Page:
5. Really Know and Use Your Resources
You should also consider your strategy for bringing in experts with the skill sets necessary for your organization on your transformation journey.
According to PMI, there's been a 27% decrease in wasted money due to poor project performance since 2013. The reason? Successful organizations "ensure that their project and program managers have the right skills to drive and navigate change in this dynamic environment."
In their 2020 pre-pandemic report, PMI found that leaders are less focused on "change" but instead rebuilding to make agility and creativity part of the organizational DNA. More than half (53%) of organizations place a high priority on building a culture receptive to change.
Smarter Hiring for Better Investment
When talking about transformation-specific roles, it can be everything from leaders taking on individual initiatives, as well as people from program management to transformation offices who are dedicated to change efforts full-time.
Our customers understand that digitalization, automation, and other technologies are impacting the workforce as they know it and that they need to invest and hire for radically different skills and capabilities - though understanding which skills and capabilities can be difficult.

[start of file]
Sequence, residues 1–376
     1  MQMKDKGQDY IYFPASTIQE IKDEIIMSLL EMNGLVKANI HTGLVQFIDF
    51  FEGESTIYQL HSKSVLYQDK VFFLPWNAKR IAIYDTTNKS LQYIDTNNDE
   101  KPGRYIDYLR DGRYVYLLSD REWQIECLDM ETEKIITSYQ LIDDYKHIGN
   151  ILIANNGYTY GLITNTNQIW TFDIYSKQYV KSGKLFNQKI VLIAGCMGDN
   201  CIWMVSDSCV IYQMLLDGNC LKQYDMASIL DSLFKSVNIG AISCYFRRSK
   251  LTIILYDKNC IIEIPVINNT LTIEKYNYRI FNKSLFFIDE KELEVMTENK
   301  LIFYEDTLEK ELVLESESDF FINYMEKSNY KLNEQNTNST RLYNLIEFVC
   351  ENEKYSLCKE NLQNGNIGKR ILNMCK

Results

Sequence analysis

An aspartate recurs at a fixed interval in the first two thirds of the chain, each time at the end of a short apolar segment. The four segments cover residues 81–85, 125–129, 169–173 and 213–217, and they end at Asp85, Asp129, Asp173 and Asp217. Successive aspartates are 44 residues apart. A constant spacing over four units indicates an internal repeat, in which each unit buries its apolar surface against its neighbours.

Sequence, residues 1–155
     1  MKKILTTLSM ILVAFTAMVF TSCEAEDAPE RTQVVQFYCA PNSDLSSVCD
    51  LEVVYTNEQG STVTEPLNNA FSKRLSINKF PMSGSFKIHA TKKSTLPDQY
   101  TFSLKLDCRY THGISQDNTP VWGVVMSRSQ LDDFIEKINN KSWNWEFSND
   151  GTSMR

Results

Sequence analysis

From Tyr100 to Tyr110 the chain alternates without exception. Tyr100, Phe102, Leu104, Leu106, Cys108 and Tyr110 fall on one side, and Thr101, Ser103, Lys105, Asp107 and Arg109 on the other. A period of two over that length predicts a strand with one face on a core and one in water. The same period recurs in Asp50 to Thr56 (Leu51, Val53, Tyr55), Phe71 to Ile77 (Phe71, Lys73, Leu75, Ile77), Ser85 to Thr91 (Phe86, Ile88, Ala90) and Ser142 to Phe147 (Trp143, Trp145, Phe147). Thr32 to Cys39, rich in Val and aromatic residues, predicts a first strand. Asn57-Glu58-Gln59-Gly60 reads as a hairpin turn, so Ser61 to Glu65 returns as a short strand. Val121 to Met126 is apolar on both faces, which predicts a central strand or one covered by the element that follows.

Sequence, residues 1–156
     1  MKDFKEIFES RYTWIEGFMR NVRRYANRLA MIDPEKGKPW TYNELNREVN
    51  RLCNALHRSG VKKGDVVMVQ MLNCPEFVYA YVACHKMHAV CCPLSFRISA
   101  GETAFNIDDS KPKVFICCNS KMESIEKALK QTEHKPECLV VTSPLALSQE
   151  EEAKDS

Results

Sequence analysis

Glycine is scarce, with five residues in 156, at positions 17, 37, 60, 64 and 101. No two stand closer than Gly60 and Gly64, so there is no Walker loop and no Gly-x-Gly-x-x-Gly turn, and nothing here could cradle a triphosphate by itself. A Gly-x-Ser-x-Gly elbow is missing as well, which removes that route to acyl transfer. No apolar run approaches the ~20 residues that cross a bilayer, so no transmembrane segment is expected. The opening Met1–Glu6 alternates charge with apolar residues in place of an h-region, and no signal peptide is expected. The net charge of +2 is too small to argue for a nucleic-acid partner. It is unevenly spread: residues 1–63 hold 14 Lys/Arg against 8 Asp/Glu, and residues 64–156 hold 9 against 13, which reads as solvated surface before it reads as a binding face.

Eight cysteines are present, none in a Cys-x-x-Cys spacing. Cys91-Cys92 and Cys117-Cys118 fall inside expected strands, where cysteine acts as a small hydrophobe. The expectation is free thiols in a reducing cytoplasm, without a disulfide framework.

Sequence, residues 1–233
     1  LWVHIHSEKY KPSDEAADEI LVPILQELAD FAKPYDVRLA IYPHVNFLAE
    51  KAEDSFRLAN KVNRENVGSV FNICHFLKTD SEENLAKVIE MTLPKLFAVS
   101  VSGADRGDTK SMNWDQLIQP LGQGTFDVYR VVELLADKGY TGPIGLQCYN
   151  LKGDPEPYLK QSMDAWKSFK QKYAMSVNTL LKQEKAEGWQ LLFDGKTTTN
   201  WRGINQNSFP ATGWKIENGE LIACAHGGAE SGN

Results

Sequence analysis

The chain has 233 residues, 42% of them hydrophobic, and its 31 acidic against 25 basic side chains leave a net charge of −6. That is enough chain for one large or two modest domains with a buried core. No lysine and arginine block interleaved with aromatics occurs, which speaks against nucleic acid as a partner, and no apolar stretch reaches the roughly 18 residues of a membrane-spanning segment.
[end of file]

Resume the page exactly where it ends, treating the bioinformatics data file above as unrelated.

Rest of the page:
People Can Bridge the Gap
Having open communication between traditional and forward-thinking parts of the business is just as important for success. When people function as integrators, technology-innovation managers can foster stronger internal capabilities among colleagues, making sure new digital methods and processes are integrated smoothly into existing ways of working.
The same goes for the link between business and IT. These integrators might have experience from the business side while also understanding the technical requirements and gains that technology brings along.
Quick Takeaways on Optimizing Your Digital Transformation Journey
- Get a clear picture of the ground you stand on to assess the impact of short and long-term decisions
- Have clear objectives and build a clear ROI case for change projects
- Be aware of your gaps, vulnerabilities, and risks
- Assemble a digital transformation master plan before embarking on digital change projects
- Maximize your resources and bring in the right expertise at the right time
Find out more about how Ardoq can help optimize your organization's digital transformation journey.👇
Whether it's writing her own storybooks or contributing to social justice blogs for NGOs, Elspeth sees writing as a powerful communication tool that can change perspectives and connect people.